A few more questions, to make sure I have my monkey noggin around the issue: How does the system handle folks at the extreme end of life? Are 'heroic measures' used, or is it more a 'medicate the pain and let them go' scenario? Is there any difference between how a 45-year-old is treated for cancer and an 85-year-old? How is the quality of doctor care? Is there a shortage of doctors under this system?

How large is the bureaucratic apparatus for this system? How much does it cost the average taxpayer? Do poorer folks pay a higher tax level because of it or are the costs soaked up by the wealthy?

Basically you have it about right.

There are other issue, which fall into the Con section, related to efficacy of drugs. If your interested in that, i can try and explain the issue.

With regards to how elders are treated. As i understand it, they get the same treatment anyone else would reseive. It is largely focused around the wants of the patient. Some of the drug efficacy issues that i mentioned might come into play in some of these cases, but it is rare.

We do have issues with the size of the NHS' bureacracy, but as i said, earlier in the thread, it certainly seems to me that we are paying less for the NHS than the average than U.S. citizens does for less certain care. This is something that is currently keenly in the public eye.

You missed one of the pro's of the NHS: Unlike insurance, you will never be turned down for your treatment.

We manage to source all the doctors and nurses we need, though there is an issue with the leechs of the NHS, aka medical agencies.

The NHS certainly isn't perfect, but i still believe, that on the balance of evidence, it is a relatively good option.


Patrick Curtin wrote:
Aubrey the Malformed wrote:


I'm not an expert, but this is basically how it works. In UK tort, if you are negligent but basically carrying out your duties in accordance with your job description, your employer is liable. So if a surgeon is negligent and is working for the NHS, the NHS is who you sue.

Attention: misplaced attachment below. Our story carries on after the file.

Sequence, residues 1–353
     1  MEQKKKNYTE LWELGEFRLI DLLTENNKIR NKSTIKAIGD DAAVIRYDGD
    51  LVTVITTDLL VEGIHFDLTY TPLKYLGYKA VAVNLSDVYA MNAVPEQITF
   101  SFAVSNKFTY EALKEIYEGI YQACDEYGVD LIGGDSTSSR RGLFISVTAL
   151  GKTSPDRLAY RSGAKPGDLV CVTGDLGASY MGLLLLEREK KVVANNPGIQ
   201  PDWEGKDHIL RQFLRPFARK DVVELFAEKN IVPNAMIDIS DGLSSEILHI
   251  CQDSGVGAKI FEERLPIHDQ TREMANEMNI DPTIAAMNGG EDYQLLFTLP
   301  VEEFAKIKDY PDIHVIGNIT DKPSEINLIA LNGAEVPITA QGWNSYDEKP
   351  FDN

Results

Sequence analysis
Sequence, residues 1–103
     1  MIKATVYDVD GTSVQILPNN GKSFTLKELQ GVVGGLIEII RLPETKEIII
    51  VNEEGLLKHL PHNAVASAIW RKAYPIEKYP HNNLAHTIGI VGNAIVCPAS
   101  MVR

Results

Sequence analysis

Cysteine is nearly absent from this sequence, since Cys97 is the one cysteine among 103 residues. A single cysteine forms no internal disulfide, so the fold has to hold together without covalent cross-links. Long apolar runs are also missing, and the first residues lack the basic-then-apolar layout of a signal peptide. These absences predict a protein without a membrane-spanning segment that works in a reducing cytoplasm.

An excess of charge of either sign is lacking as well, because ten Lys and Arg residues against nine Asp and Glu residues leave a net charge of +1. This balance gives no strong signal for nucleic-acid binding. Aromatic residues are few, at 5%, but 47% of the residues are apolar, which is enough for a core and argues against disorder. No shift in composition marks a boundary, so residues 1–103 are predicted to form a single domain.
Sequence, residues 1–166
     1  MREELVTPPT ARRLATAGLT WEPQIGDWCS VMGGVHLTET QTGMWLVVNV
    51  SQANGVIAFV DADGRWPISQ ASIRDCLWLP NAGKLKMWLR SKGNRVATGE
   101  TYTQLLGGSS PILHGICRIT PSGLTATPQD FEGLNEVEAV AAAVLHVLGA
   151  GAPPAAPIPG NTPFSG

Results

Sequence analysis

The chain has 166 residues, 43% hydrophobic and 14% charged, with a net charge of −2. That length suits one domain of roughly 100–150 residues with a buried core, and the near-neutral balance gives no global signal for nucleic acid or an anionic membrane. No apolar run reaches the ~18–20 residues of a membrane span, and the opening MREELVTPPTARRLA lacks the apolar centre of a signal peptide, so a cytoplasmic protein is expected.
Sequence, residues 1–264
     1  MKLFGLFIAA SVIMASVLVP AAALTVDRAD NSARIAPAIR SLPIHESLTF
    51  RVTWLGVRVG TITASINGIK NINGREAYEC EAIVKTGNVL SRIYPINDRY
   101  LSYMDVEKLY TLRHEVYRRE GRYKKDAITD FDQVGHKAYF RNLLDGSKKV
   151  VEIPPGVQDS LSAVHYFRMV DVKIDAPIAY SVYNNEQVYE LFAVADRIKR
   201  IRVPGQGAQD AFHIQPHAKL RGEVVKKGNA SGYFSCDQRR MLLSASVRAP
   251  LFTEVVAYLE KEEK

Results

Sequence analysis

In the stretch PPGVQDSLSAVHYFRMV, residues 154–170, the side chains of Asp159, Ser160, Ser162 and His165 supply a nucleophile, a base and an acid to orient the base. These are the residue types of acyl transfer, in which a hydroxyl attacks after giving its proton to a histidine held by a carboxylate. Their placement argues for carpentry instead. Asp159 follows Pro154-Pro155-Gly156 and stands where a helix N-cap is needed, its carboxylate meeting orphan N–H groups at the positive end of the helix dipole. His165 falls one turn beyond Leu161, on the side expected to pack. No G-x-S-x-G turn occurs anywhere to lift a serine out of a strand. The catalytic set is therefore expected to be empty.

This is the sticking point I have in this debate. As the current healthcare reform stands here, doctors will still be directly sued by plaintiffs. You cannot sue the government. Thus while lots of folks wont have to pay for health insurance anymore, doctors here will be paying higher and higher premiums for their malpractice insurance. At the same time, the 'public option' in the name of 'cutting costs' will cap the payments doctors are allowed for their proceedures. Ergo, over time the costs of being a doctor will increase, and the incentives to practice medicine will decline. Taking a long-term view, I believe this will lead to an inevitable shortage of people entering the medical field, unless this issue is addressed.

Now, either the new system subsidizes malpractice insurance for doctors under the public option, which I cannot believe will save us any money, or the system of malpractice must be revamped in some fashion to keep insurance costs down. If this isn't addressed, why would any smart person want to practice medicine in the US?

If money is what incentivises you to become a doctor, you probably shouldn't become a doctor. Being smart is compatible with being altruistic. One potential for insurance under those conditions is mutualised system run by medical organisations. Remove the need for profit, and the Insurance system suddenly becomes far cheaper.


we also don't have scenes like this.

Sovereign Court

It's probably a language thing, or perhaps how the debate is being framed in the US, but I am a little surprised that the NHS is being used as a comparison.

I am happy to be British and have access to the NHS but I get the impression that the US model being presented by Obama is more like the healthcare system in France or Germany.


Zombieneighbours wrote: